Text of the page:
August 20

What was advertised in a colonial American newspaper 250 years ago today?

Aug 20 - 8:20:1768 Providence Gazette
Providence Gazette (August 20, 1768).

“JUST PUBLISHED … THE Power and Grandeur of GREAT-BRITAIN founded nt he Liberty of the COLONIES.”

Colonial newspapers usually carried very little local news. As they were distributed only once a week, often news of local events carried by word of mouth before they had a chance to appear in print. Accordingly, editors privileged news from faraway places, news that readers had not seen for themselves or already heard about in the course of their daily activities.

Such was the case in the August 20, 1768, edition of the Providence Gazette. Even the scant amount of news published under the header “PROVIDENCE, August 20” relayed a description of events that recently occurred in Boston. “Sunday last being the 14th of August,” the short article began, “the Sons of Liberty at Boston, in order to perpetuate the Anniversary of the first Opposition to the Stamp-Act. Met under Liberty-Tree, when many patriotic and loyal To[a]sts were drank, under the Discharge of 45 Cannon.” The article included details about a procession through town, a bonfire, and fireworks, all in commemoration of resistance to the Stamp Act.

The news from “BOSTON, August 15” summarized a new nonimportation agreement devised by the merchants and traders of Boston. They were concerned about an imbalance of trade that made it difficult to “pay the debts due the merchants in Great-Britain,” prompting them to vote unanimously “not to send any further orders for goods to be shipped this fall; and that from the first of January, 1769, to the first of January, 1770, they will not send for or import … any kind of goods or merchandizes from Great-Britain, except Coal, Salt, and some articles necessary to carry on the fishery.” This decision was not merely about economics. Politics played a role as well: “They likewise agreed not to import any Tea, Glass, Paper, or Painters colours, until the acts imposing duties on those articles are repealed.”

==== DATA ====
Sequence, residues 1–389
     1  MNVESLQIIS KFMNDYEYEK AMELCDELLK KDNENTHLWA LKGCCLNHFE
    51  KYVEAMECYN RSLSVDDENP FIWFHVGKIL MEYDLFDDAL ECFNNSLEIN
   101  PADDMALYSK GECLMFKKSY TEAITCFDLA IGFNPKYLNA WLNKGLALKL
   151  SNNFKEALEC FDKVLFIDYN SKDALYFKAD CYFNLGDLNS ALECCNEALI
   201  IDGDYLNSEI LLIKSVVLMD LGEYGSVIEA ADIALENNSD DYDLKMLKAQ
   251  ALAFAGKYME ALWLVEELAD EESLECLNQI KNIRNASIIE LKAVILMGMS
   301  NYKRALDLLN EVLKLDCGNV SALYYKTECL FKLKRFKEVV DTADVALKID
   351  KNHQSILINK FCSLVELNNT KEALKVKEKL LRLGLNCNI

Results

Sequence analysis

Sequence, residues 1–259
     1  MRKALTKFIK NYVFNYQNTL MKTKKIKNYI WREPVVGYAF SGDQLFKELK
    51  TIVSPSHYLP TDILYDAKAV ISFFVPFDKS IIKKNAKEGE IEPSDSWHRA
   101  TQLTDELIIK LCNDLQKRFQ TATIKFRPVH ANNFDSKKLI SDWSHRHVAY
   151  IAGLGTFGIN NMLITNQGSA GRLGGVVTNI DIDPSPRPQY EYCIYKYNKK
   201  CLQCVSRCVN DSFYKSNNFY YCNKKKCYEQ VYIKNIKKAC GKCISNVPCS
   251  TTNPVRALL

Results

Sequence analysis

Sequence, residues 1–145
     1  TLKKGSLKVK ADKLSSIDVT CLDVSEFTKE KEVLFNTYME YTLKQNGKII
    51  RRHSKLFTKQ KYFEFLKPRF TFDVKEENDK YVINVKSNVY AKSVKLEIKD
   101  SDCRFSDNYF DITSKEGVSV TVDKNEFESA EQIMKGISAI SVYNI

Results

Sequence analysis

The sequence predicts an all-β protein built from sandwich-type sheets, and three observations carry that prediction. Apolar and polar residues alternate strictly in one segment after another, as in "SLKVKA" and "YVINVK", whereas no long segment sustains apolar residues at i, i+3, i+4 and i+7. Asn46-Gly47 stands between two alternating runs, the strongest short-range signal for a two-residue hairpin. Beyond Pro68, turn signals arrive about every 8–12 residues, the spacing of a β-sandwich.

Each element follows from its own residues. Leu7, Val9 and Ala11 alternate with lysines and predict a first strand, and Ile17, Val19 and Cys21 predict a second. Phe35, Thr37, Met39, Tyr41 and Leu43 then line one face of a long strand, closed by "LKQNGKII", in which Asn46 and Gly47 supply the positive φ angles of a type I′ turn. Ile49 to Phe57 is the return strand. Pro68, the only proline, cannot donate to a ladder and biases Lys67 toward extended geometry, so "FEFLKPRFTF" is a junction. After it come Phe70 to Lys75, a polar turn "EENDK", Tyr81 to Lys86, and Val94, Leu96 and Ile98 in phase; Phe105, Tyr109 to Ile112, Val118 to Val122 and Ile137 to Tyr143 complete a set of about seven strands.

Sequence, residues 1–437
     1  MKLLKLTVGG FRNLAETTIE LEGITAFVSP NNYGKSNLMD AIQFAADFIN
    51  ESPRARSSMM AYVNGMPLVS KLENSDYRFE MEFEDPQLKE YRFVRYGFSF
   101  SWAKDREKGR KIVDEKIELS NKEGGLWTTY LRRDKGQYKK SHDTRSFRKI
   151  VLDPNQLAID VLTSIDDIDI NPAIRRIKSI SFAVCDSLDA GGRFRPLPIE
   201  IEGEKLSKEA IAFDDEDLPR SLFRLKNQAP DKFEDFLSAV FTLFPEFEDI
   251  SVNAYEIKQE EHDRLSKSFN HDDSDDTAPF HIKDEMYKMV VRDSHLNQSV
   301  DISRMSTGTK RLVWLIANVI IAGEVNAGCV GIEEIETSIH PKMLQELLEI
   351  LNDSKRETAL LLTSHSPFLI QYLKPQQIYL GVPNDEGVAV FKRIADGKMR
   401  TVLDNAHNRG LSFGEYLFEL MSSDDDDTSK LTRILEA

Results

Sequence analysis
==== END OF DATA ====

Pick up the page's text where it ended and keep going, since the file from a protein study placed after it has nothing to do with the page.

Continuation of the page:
The news from Boston also included a copy of a letter “To the Honourable THOMAS CUSHING, Esq; Speaker of the Honourable House of Representatives of the Province of Massachusetts-Bay” from “P. MANIGAULT, Speaker of the Common House of Assembly of the Province of South-Carolina.” That letter included the instructions sent to South Carolina’s agent in Great Britain, directing him to “join with the Agents of the other provinces in America, in obtaining a repeal of the several acts of Parliament which have lately been passed, laying duties in America, and to endeavour to prevent the clause for billeting soldiers in America from being inserted in the next mutiny act which shall be passed.” These instructions touched on some of the most significant issues that eventually sparked the American Revolution.

The following page of Providence Gazette featured “A SONG” reprinted from the August 4 edition of the Pennsylvania Journal. Written by “A SON of LIBERTY,” the song was “Addressed to the SONS OF LIBERTY on the Continent of America.” Like the toasts and other festivities that recently took place in Boston, the song celebrated acts of resistance that preserved liberty and freedom in the face of Parliament attempting to impose slavery on the colonies.

Yet news and entertainment did not comprise the entire August 20 issue of the Providence Gazette. More than a dozen advertisements ran in that issue, including one for a pamphlet on sale at the printing office. The title explained its purpose: “THE Power and Grandeur of GREAT-BRITAIN founded on the Liberty of the COLONIES, and the Mischiefs attending the taxing them by Act of Parliament demonstrated.” The compositor placed this advertisement between the politically charged news items from Boston and the patriotic song from Philadelphia. It was a continuation of the news, but also an encouragement for readers to become even better informed about current events. In this instance, news, entertainment, and advertising worked together to form a cohesive narrative about Parliament overstepping its authority to commit various abuses against the colonies.

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